1161. Syrnium ocellatum.
The Molded Wood-Owl.
Syrnium ocellatum, Less. Rev. Zool. 1839, p. 289; Blanford, J. A S. B. xxxviii, pt. 2, p. 167 ; Sharpe, Cat. B. M. i, p. 263; Butler, S. F. v, p. 208; vii, p. 179; ix, p. 376; Davidson & Wend. S. F. jn, p. 75; Ball, ib. p. 200; Hume, Cat. no. 65; Vidal, S F ix, p. 35; Reid, S. F. x, p. 14; Hume, ibid. p. 343; Barnes, Birds Bom. p. 62; id. Journ. Bom. N. H. Soc. iii, p. 220; Littledale, Jour. Bom. N. H. Soc. i, p. 195; Oates in Hume's N. & E. 2nd ed. iii, p. 115. Bulaca sinensis, apud Jerdon, Mad. Jour. L. S. x, p. 88; nec Lath. Syrnium sinense, apud Blyth, J. A. S. B. xi,p. 162; id. Cat. p. 40 ; Horsf & M: Cat. i, p. 82; Jerdon, B. I. i, p. 123; iii, p. 870; McMaster, J. A. S. B. xl, pt. 2, p. 207. Bulaca ocellata, Blyth, Ibis, 1865, p. 29; 1866, p. 253; King, J. A. S. B. xxxvii, pt. 2, p. 213 ; Hume, Rough Notes, p. 353 ; id. N. & E. p. 61; A. Anderson, P. Z. S. 1872, p. 80; Adam, S. F. i, p. 369; Fairbank, S. F. iv, p. 253.
Coloration. Loral feathers mixed black and white, a vertical ferruginous stripe behind the eye, remainder of facial disk greyish white, barred with dusky and white-shafted ; forehead and supercilia white with black bars; ruff chocolate-brown, narrow and inconspicuous ; feathers of upper parts ferruginous tawny except at the ends, those of the crown, nape, and sides of neck tipped black, spotted or barred with white, those of the rest of the upper surface finely mottled black and white, with broader wavy black bars and shaft-stripes; terminal portion of quills dark brown, with numerous broad pale clouded and mottled cross-bands and mottled tips, basal portion buff, sometimes with dark cross-bars; upper surface of outer web much mottled; middle tail-feathers mottled and with irregular cross-bands, buff towards the base, becoming dark near the end ; outer tail-feathers the same near the tip and on the outer web, but buff with dark bands inside towards the base; point of chin greyish white, the feathers very bristly, followed by dark brown buff feathers with white edges and chestnut at the base; middle of throat white; lower parts from throat white, tinged with ochreous buff, and with narrow blackish cross-bars, which are much closer together on the legs and toes.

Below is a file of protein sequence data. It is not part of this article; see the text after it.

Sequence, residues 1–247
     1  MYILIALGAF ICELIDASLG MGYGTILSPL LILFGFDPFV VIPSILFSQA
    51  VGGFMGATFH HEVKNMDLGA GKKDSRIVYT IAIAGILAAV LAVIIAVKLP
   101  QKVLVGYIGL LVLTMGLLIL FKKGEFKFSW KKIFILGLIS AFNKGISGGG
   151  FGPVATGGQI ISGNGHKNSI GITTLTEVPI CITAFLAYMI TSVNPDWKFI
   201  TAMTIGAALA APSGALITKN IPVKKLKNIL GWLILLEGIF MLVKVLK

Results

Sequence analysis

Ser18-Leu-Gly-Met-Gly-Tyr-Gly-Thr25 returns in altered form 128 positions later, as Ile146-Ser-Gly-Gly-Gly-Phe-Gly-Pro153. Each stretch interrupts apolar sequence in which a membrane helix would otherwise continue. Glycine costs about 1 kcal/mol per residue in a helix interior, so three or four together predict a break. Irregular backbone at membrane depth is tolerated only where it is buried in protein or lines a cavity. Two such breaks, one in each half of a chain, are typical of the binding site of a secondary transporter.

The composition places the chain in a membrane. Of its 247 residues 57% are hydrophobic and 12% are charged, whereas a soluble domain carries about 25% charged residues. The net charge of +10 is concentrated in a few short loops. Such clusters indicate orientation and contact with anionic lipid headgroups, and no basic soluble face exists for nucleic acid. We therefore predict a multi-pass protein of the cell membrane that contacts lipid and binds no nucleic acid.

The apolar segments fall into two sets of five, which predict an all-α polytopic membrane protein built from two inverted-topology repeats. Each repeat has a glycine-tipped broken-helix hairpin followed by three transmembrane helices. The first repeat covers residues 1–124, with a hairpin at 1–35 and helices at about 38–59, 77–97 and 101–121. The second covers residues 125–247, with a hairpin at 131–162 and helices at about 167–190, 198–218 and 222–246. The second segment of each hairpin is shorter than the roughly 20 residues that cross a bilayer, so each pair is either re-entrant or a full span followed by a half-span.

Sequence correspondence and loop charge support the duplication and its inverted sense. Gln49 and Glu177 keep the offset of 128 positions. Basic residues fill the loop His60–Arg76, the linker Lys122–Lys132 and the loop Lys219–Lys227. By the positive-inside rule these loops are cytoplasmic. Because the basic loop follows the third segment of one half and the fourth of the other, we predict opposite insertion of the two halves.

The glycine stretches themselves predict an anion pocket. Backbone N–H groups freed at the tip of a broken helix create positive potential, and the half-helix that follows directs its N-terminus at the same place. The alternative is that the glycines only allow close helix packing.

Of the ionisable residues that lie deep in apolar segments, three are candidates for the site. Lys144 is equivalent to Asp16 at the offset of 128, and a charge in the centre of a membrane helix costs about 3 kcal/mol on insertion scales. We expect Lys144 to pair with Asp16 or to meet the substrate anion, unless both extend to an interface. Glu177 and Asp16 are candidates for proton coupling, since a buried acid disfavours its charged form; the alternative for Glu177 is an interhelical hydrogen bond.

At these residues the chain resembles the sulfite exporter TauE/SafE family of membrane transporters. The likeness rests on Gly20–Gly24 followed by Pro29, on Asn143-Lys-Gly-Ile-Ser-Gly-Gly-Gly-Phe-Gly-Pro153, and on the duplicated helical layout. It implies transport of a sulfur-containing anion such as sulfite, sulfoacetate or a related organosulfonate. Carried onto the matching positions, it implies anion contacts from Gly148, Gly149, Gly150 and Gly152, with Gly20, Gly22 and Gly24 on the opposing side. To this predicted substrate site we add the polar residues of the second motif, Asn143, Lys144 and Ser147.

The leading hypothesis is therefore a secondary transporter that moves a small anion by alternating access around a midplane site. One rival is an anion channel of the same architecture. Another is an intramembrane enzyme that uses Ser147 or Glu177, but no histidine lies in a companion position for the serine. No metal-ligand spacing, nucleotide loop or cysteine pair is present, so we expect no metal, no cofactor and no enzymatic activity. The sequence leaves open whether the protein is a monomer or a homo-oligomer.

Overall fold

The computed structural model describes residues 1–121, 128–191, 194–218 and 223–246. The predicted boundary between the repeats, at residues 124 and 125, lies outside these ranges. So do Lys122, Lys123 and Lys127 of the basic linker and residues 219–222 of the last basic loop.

Bill black; eyelids orange; irides dark brown; claws dusky; soles of the feet yellowish (Jerdon).
Length about 18.5; tail 8; wing 14; tarsus 2.25; bill from gape 1.6.
Distribution. Throughout the Peninsula of India as far south as the Carnatic and the base of the Nilgiris, at all events, but not in Ceylon. To the northward the range extends in places to the Sutlej, and perhaps to the Indus on the west, to the base of the Himalayas on the north, and to Lower Bengal on the east, but not beyond.
Habits, &c The Mottled Wood-Owl is chiefly found in well-wooded districts, but not in forests, and is especially partial to mango-topes and large trees about villages. It lives chiefly on small mammals, such as rats, mice, and squirrels, and its call is a loud harsh hoot. It breeds in the N.W. Provinces and Punjab in February and March, but in the Central Provinces from November till January, and lays usually 2 eggs, occasionally 3, in a cavity or hollow of some large tree, very often a mango, banyan, or peepul, there being little or no lining. According to Anderson it frequently builds a nest, but this is not confirmed by other observers. The eggs are very round ovals, white or slightly creamy, measuring about 1.99 by 1.67.